Have you ever stopped to consider who made the first attempt
on Jesus’ life as a grown man? Luke
tells the story in the fourth chapter of his Gospel. It was His hometown synagogue! The people who knew Him better than anyone
else (outside of His family). That’s
right. It wasn’t the Romans or the high
priest or the Pharisees. It was the
people who had come to worship in the local synagogue in Nazareth where Jesus
grew up. Isn’t that something? They went to worship God and dismissed so they
could kill Him.
It kind of begs the question as to why people attend church
today doesn’t it? Most people who go to
church have a hard time explaining to outsiders why they attend. Which pretty much explains why evangelism is
in such a sad state of affairs today.
People will tell you they go to church to be blessed. They go to be refreshed and
strengthened. Some go to church because
it is expected of them by parents or spouses.
Some go to find companionship.
Some go to find support. Some
attend church to establish a network of connections. A lot of people go to church because they are
seeking to feel better about themselves and their place in the world. Many pastors and church leaders really don’t
care what reason people have for attending church as long as they do. And look at the results. When will the people of God ever learn?
Who killed Stephen in Acts 7? Who was the chief persecutor of the early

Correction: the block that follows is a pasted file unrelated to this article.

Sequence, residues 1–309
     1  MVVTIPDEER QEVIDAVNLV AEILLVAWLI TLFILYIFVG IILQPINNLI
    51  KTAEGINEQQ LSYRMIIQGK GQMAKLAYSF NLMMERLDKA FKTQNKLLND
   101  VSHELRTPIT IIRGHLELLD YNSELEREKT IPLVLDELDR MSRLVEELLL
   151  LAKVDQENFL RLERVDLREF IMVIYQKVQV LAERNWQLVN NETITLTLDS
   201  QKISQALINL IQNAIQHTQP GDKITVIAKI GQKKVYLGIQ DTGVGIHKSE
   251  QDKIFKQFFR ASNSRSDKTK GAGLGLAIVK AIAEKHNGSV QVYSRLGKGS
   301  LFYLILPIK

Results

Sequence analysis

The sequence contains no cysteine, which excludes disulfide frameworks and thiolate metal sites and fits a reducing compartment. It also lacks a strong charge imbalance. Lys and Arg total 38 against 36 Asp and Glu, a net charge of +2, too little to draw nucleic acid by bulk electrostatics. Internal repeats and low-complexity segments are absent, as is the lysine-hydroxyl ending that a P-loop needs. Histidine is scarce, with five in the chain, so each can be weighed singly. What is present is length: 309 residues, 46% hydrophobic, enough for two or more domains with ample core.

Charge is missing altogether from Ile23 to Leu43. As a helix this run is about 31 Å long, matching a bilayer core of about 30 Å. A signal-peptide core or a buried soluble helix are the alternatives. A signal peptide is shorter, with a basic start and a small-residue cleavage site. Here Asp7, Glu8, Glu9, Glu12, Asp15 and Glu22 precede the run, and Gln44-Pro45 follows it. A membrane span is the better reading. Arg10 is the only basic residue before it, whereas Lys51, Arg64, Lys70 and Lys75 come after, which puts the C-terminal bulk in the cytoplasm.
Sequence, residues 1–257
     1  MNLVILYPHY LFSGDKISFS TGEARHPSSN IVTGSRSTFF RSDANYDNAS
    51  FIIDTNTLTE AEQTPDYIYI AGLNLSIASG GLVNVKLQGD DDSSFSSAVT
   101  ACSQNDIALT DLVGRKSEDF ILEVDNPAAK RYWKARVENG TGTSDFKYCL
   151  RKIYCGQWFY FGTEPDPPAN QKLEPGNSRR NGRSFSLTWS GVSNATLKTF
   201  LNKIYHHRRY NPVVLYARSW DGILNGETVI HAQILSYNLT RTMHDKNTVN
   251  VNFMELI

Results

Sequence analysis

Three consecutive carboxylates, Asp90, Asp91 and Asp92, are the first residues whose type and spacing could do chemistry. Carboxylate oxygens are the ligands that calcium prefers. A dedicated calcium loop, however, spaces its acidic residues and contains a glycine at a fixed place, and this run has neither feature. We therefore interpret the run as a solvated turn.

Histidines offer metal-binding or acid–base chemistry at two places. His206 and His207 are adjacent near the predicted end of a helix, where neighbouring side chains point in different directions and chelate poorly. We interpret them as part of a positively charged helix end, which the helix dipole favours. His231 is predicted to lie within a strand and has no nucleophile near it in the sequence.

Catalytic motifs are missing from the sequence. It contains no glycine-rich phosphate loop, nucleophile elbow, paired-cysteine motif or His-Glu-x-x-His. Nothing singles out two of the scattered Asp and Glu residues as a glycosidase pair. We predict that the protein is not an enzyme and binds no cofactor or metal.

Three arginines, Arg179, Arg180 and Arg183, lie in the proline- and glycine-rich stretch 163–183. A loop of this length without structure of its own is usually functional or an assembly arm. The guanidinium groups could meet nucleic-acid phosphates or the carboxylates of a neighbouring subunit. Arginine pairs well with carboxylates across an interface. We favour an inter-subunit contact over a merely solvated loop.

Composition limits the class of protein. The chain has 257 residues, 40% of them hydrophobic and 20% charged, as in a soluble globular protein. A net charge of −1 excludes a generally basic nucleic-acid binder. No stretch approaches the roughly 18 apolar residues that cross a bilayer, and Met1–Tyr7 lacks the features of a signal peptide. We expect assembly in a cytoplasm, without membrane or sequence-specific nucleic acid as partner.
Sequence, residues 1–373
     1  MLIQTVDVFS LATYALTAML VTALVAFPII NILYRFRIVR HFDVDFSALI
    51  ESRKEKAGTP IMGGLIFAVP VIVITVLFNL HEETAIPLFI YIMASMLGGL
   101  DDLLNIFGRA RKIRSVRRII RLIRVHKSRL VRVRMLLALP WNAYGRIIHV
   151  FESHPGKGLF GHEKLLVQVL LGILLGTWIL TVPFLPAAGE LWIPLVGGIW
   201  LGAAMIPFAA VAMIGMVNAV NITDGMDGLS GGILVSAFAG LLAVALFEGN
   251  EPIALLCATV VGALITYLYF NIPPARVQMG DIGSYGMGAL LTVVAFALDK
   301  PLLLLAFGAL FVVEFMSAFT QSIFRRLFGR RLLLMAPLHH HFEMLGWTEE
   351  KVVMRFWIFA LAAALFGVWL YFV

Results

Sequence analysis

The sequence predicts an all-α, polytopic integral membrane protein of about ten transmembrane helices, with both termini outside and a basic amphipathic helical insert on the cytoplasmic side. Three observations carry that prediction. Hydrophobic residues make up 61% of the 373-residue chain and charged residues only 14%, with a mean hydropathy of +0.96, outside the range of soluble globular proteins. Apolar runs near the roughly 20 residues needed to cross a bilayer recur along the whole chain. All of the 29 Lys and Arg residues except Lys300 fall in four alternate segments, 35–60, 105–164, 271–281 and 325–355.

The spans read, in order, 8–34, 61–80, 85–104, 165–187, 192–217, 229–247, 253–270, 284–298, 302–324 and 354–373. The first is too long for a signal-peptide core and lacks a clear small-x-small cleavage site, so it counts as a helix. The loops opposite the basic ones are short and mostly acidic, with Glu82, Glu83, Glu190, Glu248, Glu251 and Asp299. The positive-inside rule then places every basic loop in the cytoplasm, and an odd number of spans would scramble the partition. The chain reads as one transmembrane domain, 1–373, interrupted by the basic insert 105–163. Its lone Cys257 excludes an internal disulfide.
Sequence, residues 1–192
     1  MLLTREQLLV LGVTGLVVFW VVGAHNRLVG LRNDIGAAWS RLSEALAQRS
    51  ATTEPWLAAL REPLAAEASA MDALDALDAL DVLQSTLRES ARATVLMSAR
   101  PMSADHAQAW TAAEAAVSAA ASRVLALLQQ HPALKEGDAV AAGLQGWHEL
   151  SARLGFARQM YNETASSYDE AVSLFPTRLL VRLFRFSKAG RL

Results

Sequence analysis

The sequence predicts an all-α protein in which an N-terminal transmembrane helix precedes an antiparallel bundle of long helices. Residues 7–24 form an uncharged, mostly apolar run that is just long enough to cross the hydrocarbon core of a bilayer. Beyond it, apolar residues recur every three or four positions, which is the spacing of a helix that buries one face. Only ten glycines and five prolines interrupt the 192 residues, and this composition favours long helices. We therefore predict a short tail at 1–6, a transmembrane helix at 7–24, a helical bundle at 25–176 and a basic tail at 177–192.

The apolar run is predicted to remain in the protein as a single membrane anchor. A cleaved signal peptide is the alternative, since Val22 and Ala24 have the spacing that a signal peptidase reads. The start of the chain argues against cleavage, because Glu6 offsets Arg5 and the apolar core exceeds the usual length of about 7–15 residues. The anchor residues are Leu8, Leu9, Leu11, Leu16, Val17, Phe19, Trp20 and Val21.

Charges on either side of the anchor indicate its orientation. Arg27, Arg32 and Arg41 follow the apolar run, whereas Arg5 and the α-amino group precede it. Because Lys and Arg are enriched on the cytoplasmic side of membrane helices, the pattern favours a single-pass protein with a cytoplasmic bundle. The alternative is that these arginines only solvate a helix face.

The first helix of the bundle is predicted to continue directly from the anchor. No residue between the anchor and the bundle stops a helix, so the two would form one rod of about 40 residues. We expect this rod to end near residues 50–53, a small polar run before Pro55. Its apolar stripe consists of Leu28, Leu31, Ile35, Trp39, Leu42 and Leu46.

Church in its infancy? Who nearly
destroyed the church in Galatia? Who was
causing all of the problems in the extremely dysfunctional church in
Corinth? Who was James talking about
when he said “You desire and do not have, so you murder. You covet and cannot
obtain, so you fight and quarrel.” (James 4:2).
Who was John talking about when speaking of the many antichrist like
people in the world who “went out from us” (1 John 2:19)? Who was Jude talking about when he referred
to the “grumblers, malcontents, following their own sinful desires” (Jude 16)? And who was Jesus talking to in Revelation 2
when He counseled “Remember therefore from where you have fallen” (v.5)? And the answer is…the religious community!
No, I am not even remotely suggesting (as many do) that most
of the violence in the world occurs because of religious fanaticism. What I am
suggesting is that when people attend religious activities for the primary
purpose of getting something rather
than bringing something, sin will
abound even in the presence of great grace.
The bottom line is that today’s Christian more often than not goes to
church with a hand out expecting to receive instead of with a hand full seeking
to minister. And trouble always ensues
when that happens.
Remember the enslaved Hebrews in Egypt? God brought them out of 430 years of slavery
with a mighty hand and all they wanted to know was where supper was. Keep in mind they had all their flocks and
herds with them. The Son of God dies on
a cross that God might be reconciled to man and then rises from the dead so
that death might not be a constant source of fear for humanity and Heaven is
constantly bombarded with complaints about prayers not being answered in a
What is going on among God’s people? Why has it always been this way and continues
to this day? Why is there so much
dissatisfaction and angst in the Christian community negating the witness of
Christ? Maybe we need to rethink what
worship and church are supposed to be about.
Twice in the book of Exodus God admonishes His people “None shall appear